Zanu PF has been dispatching its anti-sanctions campaign messages via the information superhighway through mobile phones, as the former ruling party steps up its campaign ahead of general elections expected later this year.
Ironically, the former ruling party protested after MDC-T courted mobile phone service provider Econet Wireless to broadcast its campaign messages, and threatened to cancel its operating licence in the heat of the presidential election run-off campaign in June 2008.
One of the messages sent to NetOne subscribers read: “The time has come for every Zimbabwean to sign the petition or dial 0044 7893227001 for the removal of illegal sanctions imposed by the European Union and the United States of America.”
However, observers view the latest move as an infringement on people’s privacy as the party did not seek NetOne subscribers’ consent before dispatching its campaign messages.
NetOne is a quasi-parastatal formed after the unbundling of Posts and Telecommunications Corporation (PTC) in the late 1990s.
It is hard to see how SMS could easily be brought within the regulatory ambit without resorting to heavy-handed censorship. Also, SMSs, like email, can easily be “spoofed”.
This means that messages can be sent from masked or fake addresses (as with email “spam”), making the regulator’s task even more difficult.
Although the use of cellphones in political campaigning or broadcasting in Zimbabwe is not yet well developed, the potential is obvious.
MDC-T spokesperson Nelson Chamisa, who is also Information and Communication Technology minister, said Zanu PF was violating people’s rights by sending them unsolicitated messages.
He said it was ironic that Zanu PF cried foul when his party sent messages to people who had voluntarily
subscribed to get information.
All telecommunications companies are licensed by the Postal and Telecommunications Regulatory Authority of Zimbabwe (Potraz), a creation of an Act of Parliament.
Potraz director-general Charles Sibanda yesterday said his organisation had no mandate to meddle in party politics but would act whenever they received reports of network abuse.
“If there is an abuse of network, where for example, people get threatening messages or unsolicitated messages, we act. But our mandate has nothing to do with politics.”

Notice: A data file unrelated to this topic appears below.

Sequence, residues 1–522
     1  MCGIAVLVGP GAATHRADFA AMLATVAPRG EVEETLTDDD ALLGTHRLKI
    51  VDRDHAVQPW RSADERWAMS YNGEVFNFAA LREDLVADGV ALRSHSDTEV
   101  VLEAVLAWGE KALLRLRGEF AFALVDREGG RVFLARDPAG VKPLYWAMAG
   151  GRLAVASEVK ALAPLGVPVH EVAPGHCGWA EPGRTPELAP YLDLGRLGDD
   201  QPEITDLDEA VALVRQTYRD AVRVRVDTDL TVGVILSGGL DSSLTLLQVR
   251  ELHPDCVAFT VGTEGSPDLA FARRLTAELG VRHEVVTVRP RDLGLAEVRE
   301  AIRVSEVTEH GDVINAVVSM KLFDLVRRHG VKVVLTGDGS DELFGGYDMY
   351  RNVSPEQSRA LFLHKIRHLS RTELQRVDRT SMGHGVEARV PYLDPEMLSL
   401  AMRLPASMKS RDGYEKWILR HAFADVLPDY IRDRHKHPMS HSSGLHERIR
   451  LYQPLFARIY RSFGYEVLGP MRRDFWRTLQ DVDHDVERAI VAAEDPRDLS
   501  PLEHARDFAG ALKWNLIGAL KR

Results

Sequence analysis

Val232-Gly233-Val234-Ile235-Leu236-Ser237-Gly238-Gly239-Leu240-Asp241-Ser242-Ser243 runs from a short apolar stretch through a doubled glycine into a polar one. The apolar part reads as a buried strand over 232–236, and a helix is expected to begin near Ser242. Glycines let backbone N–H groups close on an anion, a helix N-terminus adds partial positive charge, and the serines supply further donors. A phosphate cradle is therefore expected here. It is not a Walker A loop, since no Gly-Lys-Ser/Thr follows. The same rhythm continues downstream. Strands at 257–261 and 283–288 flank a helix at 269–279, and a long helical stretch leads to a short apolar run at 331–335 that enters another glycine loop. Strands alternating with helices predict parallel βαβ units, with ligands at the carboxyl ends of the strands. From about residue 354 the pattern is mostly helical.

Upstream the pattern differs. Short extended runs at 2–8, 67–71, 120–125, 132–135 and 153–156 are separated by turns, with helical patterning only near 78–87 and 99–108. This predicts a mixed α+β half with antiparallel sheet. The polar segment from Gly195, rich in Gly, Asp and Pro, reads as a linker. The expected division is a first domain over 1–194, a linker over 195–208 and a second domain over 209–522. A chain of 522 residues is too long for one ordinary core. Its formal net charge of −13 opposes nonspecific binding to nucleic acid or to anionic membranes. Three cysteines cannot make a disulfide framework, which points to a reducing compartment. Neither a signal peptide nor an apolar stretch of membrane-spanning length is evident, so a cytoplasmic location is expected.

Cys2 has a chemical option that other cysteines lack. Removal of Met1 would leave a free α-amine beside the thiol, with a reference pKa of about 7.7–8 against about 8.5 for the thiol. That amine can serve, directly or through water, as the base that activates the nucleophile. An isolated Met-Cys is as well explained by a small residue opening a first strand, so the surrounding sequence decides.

Nathaniel Manheru, believed to be Presidential spokesperson George Charamba, said in 2008 in his weekly column:
“The next polls will be fought on the waves, which is why Econet, and its card-carrying owner, Strive Masiyiwa, are so critical to the MDC-T.
“We wait for a new propaganda service, which MDC-T seeks to unveil on June 14, using Masiyiwa’s network, through a toll-free facility. Thank God cellular licences are up for renewal and government has to deal with all manner of mischief.”
Said Chamisa on : “Surely what is good for the goose should be good for the gander. But what Zanu PF is doing borders on offensive behaviour because there has to be subscriber consent or recipient agreement, which is basically what we were doing.”
Chamisa said the norm in the civilised world was that “you do not send messages to people without their consent”.
Zanu PF, which held its conference in December last year, has stepped up its campaign ahead of the next elections expected later this year.
The party’s main trump cards are the sanctions imposed against its senior officials by the West and indigenisation and economic empowerment.
Zanu PF spokesman Rugare Gumbo could not be reached for comment. In December last year, Gumbo, however, said he was not aware of who was behind the pro-Zanu PF mobile phone messages, although he said “they are good messages”.
Cellular telephones are potentially an important medium for electoral communication, for two reasons: ownership and access to cellular phones far outstrips access to landlines.
This disparity is especially apparent in Zimbabwe, but it is a general phenomenon.
Cellphones have potential as a “broadcasting” medium that is not comparable to traditional landlines.
Whereas the landline could be used for voice calls and transmitting documents, the cellphone could send and receive text messages, audio and video files.
So far this has focused on the use of text or short messages (SMSs). There are two well-documented examples from the Philippines.
In 2001 President Joseph Estrada was forced to resign after a popular campaign against him orchestrated by SMS.
Then, in the 2004 presidential elections, SMS was a very popular campaigning tool for the main candidates.